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Commentary



An Open Mic Observation

By Amanda



Like a thousand knives assaulting my senses, the cold cut through my bones as i took refuge in the warm entreance of The Cancun, its glow shining like a porch light, welcoming me home. Indeed, like a home away from home the inviting souds of chatter moved me to meander down the steps and into the lower portion of the house of rock. The voices gave way to waving hands and freindly head nods as i found myself a chair at an empty table. Socialization would be put off a moment so as to allow myself to collect my bearings, the chill of winter still shaking my bones. A young man was in the front of the room, opposite the empty bar, playing and singing his heart into a microphone. At once i took notice that there was a certain amount of attention being paid to his talent, but all parts remaining were divided among clusters of quiet chatter and a few lonesome artists; one scribbling down words in a worn-in notebook and another conducting a charcoal pencil in careless strokes that defiantly went in opposition of the rhythms of the singing guitar. The occasional outburst from a selected individual in high spirits was hardly anything to look up about. There was a familiarity to the atmosphere; a comfortable, relaxed tone that drenched my chills in a warm bath of contented informality. This was the average observations to be recorded about an open mic of Friday nights. But, as in all conscious observations, there beckons a closer inspection.

A rock show put on at The Cancun, with its high energy, loud, explosive sounds often jump on the eardrums with an unstable, unpredictable enthusiasm. Though the clumsy dance of such an event is one often welcomed and throughly enjoyed, there is a unique reception given to the calm, quiet gatherings of the open mic. Almost in complete opposition of the reheared, closely planed sets that usually ring about the building's walls, the Friday night assembly of rockers and poets and writer who bare witness to each others talents on a raw, sometimes of an intamte event. There is a deeper bearing of ones inner most workings as a musician finds himself alone in the warm spotlight created by the attentiveness of his peers. There is no distortion to hide imperfections and no amount of jumping about can provide relief from unsettled nerves. Truely it is an honest display of talent, or lack of which presents its case each time a new contributor takes a seat behind the microphone. Of all the many artists that share their work by piping it through an unforgiving amplification, it is hardly ever noted that after the echo dies any type of crude or otherwise unfavorable comments or judgements are offered.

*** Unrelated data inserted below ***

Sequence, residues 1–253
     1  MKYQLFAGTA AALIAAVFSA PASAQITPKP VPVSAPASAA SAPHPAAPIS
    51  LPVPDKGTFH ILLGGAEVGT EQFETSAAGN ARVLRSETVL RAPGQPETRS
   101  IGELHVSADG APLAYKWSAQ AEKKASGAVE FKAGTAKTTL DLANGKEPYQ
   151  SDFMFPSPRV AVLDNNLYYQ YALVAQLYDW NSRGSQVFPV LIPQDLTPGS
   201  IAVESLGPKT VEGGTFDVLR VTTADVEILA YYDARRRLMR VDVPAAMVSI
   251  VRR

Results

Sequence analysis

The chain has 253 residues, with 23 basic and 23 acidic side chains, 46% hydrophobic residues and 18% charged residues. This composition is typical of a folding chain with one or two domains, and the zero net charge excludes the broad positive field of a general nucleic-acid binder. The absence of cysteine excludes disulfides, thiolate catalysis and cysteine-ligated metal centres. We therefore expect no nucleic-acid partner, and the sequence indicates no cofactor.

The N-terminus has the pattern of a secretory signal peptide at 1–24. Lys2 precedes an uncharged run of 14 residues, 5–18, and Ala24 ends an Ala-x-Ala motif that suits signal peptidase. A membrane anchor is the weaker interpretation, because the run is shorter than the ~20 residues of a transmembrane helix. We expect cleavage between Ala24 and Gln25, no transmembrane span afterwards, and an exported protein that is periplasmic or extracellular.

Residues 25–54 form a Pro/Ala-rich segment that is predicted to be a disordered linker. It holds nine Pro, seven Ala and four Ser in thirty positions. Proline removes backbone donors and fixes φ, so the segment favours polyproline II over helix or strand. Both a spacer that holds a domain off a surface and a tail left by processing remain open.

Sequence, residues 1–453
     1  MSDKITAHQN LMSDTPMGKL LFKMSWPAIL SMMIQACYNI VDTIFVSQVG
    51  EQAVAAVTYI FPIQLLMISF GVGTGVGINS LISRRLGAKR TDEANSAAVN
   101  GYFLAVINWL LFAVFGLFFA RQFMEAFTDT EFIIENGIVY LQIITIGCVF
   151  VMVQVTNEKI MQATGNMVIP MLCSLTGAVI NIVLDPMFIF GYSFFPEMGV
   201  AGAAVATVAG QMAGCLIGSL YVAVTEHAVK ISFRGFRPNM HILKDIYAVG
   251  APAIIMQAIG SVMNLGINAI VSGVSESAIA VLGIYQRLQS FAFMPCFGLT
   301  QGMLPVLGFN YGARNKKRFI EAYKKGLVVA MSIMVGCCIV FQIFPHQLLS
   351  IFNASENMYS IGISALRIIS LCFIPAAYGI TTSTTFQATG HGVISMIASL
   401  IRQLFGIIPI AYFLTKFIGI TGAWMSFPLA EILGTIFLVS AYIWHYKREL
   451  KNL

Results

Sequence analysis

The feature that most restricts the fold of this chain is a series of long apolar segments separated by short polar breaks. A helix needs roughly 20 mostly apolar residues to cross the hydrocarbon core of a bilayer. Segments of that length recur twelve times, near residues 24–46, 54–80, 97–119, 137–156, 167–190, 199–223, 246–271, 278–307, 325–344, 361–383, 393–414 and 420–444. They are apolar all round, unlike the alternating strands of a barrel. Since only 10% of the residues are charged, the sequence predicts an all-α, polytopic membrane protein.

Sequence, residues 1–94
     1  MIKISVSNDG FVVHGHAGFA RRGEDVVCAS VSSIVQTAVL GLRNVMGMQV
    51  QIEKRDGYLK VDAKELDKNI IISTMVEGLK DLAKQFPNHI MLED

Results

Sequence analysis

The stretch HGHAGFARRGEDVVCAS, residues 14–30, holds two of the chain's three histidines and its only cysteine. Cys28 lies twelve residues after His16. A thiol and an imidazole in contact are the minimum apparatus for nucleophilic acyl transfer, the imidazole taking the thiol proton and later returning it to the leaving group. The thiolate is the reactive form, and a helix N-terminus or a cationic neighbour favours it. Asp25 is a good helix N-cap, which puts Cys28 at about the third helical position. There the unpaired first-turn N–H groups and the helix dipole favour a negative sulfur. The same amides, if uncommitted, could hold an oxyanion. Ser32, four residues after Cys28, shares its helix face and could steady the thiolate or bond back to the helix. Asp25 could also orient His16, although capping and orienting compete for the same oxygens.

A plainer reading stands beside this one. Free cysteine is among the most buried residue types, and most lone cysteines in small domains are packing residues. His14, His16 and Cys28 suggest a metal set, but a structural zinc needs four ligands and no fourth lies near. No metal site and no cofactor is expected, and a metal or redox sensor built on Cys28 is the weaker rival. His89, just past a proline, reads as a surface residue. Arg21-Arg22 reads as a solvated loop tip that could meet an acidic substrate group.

It is almost an odd occusrrence, that is, the lack of critism. Odd, but in the same breath more appreciated that it is given credit. Is it strange at all, considering the audience? I must confess a certain love affair, and so a favored bias, with our "music scene". There is an unspoken commonality that keeps eberyone in certain equilibrium, and so there is hardly ever an effort made to otherwise judge a fellow member of such an open and friendly scene. I go so far as to suspect a discreet demonstration of encouragement from local patrons of the music community and so there lies a lovely feeling of eager reception from the listeners towards the artist.

The Open Mic's on Friday evening are something of a truly honest innocence. There is beauty in the unity and kinship that shines as brightly each time there is an assembly of talent willing to share, but more so is a feeling of community as an artist is able to play, read, or perform with full confidence of a supportive audience. Like a home away from home, the comfort found among my musical peers is appreciated far beyond the words i struggle to grasp and clumsily place in a few paragraphs.




where to go after a show